There’s a catchy tune called “When Mama Ain’t Happy (Ain’t Nobody Happy).”
The song is about a man who stays out late drinking and comes home to an angry wife. For such domestic drama, the lyrics and music strike a whimsical chord, but when Mama’s unhappiness is due to her own mental strife, an upbeat song or a caring spouse isn’t enough to lift her spirits.
Some new mamas are feeling that imbalance -- 1 in 8 according to Postpartum Support International (PSI) -- and suffer from Perinatal Mood and Anxiety Disorders. PMAD are a spectrum of disorders, including anxiety, depression, obsessive compulsive disorder, post-traumatic stress disorder and psychosis, and occur in women within a year of childbirth.
Most new mothers (80 percent, cites PSI) experience “baby blues,” a phenomenon explained by the confluence of changing hormones, lack of sleep and the dual excitement and anxiety of caring for a newborn. The result for most women is a teary two- to three-week period, a normal adjustment to life’s big event.
For some women, though, perinatal mood symptoms are greater and harder to manage, necessitating help for what is commonly referred to as postpartum depression. Symptoms can include worried thoughts about bonding or being alone with one’s baby, or an obsessive-compulsive need to clean or hide common objects, like kitchen knives, to protect the baby, or intrusive thoughts about harming oneself or her infant. Menacing thoughts can overwhelm and debilitate.
Anne Waller, a clinical social worker in Ellicott City, is committed to counseling women and their families about perinatal mood disorders.
“Anxiety is an extreme component for many women,” says Waller. “They’re extremely anxious and it’s intolerable, so they might not be sleeping at all. Usually when people realize something is wrong, it’s an acute situation.
“The thoughts women have are their symptoms. Just as if they had the flu, they’d have a fever and a sore throat,” says Waller, who leads a free postpartum support group each Monday at MedStar Montgomery Medical Center in Olney. “I tell them, ‘This is completely treatable. Your symptoms are your thoughts.’ ”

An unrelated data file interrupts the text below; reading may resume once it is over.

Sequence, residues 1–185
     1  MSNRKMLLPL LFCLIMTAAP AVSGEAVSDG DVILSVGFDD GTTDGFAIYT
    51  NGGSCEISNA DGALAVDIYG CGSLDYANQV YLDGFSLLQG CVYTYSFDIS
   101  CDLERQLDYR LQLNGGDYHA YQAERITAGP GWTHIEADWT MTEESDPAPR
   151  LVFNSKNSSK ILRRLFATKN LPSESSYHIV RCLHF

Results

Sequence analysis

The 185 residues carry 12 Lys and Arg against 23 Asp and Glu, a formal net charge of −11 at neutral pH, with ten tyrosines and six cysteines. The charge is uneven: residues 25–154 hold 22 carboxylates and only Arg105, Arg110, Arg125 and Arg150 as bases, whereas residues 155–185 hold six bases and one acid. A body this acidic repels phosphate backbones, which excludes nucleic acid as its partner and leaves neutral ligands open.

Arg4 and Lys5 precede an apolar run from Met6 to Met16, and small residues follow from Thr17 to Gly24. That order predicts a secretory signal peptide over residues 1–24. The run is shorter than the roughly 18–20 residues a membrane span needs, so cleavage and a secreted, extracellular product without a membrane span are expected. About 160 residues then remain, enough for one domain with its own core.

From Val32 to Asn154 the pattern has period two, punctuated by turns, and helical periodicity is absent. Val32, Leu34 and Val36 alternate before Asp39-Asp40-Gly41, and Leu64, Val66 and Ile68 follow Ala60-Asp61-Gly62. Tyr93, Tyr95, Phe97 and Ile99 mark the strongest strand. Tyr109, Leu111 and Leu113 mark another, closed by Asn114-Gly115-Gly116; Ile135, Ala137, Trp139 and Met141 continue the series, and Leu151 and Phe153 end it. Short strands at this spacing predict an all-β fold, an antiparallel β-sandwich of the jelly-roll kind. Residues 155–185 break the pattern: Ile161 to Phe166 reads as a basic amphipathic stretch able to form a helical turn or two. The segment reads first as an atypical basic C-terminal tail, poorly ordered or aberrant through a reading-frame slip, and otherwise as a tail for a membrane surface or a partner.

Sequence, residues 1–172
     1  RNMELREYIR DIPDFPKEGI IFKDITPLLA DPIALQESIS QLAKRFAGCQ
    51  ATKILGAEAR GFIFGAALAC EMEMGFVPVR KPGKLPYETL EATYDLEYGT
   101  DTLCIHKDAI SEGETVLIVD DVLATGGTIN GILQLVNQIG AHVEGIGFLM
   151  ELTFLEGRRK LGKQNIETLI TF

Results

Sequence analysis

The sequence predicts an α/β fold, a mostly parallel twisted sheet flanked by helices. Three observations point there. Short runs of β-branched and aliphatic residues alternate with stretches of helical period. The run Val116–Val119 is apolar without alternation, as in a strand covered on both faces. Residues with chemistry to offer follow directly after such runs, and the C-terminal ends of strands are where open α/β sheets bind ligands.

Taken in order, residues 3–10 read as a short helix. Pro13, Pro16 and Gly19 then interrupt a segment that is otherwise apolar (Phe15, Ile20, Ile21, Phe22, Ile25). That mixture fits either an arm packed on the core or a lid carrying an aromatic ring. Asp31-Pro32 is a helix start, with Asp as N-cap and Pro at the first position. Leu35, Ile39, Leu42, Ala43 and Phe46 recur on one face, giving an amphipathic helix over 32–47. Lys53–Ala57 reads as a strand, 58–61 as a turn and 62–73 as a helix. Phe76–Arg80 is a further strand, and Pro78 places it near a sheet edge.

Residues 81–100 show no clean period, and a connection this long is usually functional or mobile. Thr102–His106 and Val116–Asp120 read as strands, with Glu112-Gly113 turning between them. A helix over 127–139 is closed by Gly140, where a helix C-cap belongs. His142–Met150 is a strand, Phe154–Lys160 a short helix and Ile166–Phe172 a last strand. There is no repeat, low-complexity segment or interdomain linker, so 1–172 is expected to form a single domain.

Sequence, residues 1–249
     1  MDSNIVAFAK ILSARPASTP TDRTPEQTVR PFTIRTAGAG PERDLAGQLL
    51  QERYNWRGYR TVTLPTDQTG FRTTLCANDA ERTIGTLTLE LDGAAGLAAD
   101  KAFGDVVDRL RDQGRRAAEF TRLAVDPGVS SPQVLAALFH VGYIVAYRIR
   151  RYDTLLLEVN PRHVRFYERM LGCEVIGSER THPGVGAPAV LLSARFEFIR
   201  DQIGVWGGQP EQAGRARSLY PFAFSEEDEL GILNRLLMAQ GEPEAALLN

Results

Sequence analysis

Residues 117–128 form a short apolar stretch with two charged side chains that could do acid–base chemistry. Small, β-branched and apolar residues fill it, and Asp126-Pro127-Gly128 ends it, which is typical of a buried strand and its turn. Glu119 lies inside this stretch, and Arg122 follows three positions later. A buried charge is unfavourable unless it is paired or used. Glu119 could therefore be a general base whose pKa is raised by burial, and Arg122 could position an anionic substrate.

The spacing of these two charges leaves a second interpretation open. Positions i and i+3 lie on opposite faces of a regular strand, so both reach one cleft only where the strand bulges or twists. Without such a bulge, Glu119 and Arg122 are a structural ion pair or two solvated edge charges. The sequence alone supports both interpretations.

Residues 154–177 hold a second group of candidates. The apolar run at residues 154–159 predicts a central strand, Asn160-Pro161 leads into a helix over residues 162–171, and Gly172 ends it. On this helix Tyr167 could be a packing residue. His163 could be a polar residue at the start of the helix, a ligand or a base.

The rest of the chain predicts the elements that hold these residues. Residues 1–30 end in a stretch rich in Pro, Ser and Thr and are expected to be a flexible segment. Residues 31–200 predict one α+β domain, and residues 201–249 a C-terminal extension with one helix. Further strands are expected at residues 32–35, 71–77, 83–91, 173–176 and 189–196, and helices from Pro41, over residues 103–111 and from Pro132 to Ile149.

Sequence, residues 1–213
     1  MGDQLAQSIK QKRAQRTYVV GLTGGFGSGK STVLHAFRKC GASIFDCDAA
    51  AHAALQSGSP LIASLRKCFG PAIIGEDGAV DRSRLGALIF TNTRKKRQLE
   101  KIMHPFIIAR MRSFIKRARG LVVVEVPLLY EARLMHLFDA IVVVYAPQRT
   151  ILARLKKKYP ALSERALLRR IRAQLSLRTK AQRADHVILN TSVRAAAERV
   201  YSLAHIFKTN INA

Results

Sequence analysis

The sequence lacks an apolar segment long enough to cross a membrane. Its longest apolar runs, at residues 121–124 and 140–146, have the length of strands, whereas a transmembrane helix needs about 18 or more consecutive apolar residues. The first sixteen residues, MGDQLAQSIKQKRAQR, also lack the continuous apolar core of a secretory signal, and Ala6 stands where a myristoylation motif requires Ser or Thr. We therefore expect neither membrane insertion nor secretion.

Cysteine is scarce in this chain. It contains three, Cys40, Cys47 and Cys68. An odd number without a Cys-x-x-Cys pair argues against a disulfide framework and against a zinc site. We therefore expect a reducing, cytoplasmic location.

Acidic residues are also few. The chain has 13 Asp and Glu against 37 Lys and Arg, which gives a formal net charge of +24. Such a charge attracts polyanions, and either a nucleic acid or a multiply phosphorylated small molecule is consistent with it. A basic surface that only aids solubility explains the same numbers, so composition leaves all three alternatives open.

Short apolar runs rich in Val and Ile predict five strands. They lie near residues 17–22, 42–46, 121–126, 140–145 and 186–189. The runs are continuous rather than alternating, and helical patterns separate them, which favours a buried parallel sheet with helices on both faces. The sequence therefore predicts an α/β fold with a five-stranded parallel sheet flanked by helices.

She also tries to educate her clients’ husbands to understand the symptoms and reassure their wives they are ill, treatable and not to blame.
Wendy Davis, executive director of PSI, agrees. “Every person who becomes depressed or anxious feels it’s their fault. That’s the nature of a mood disorder. Every symptom is temporary and treatable, no matter how severe.”
Davis continues, “In our culture, there is a taboo about talking about our emotions, and for struggling parents, an even greater taboo. It’s important for parents to understand this is a common experience, and it’s important to talk about their symptoms and to know they didn’t do something wrong.”
Getting beyond the taboo
There isn’t a known cause for PMAD, but there are various biological, social and psychological stress factors that can affect mood. There’s no way to indicate one woman’s likelihood to experience PMAD over another, but there are risk factors, like a family history of depression, anxiety or schizophrenia.
However, Waller does offer an interesting detail from her experience in counseling postpartum women: “One of the traits that seem to be present, with a handful of exceptions, is perfectionism. They’re women used to having everything in their life just so. Many are organized professionals, teachers running a tight ship, health-care providers ready to administer care, or skilled lawyers. Often, they’re women you want working for you because they’re highly competent and usually five paces ahead of everyone else.”
Renee, 51, a caring and decisive nurse in Columbia, experienced PMAD with her middle child two decades ago. Her illness occurred at a time when stress factors brewed. Her infant son experienced the skin condition eczema, and it required what felt like a Herculean effort to comfort and eradicate his rash. Her husband worked long hours cultivating his own business, and the couple kept a discerning eye on their family budget. Renee remembers feeling an impending doom so horrific, she had thoughts to remove herself.
One day, while she was on the phone with her mother, the baby began to cry. “I’m not getting him,” she told her mother. “All he does is cry; I can’t get him.” Alarmed, her mother told her to get the baby, and she would be there soon. Renee replied, “If I don’t answer you, I might be hanging off the deck.” Her emotions are still raw. “I can’t believe I am crying about this 20 years later. It was awful.”
Although Renee and her family knew she wasn’t herself, all were of a mindset that emotional struggle is dealt with on your own. Her husband was attentive but helpless in what to do with her emotions. Her mother supported her by showing up to watch the baby. But her symptoms -- her feelings and thoughts -- were never addressed.
Tired of feeling isolated, she placed her children in a double stroller and began walking. A friend joined her, and they walked, traveling loops around their local mall during cold months. “It took time, a full year, before I felt better.”
Burying the shame
Fortunately, women no longer have to suffer on their own, but finding the right help is crucial. When a new mother is overwhelmed, obstetricians and pediatricians are at the forefront to take notice during follow-up care.
Dr. Lesly Berger, of Ellicott City Pediatric Associates, confirms, “It’s usually very obvious because a woman’s tearful, can’t cope, or very sad. Most women who experience some of this recover rather quickly. But others are overwhelmed, and they know it.” Berger’s course of action is to “refer her to a psychiatrist, back to her OB, depending on the situation. If they’ve had a history of depression, they need a psychiatrist.”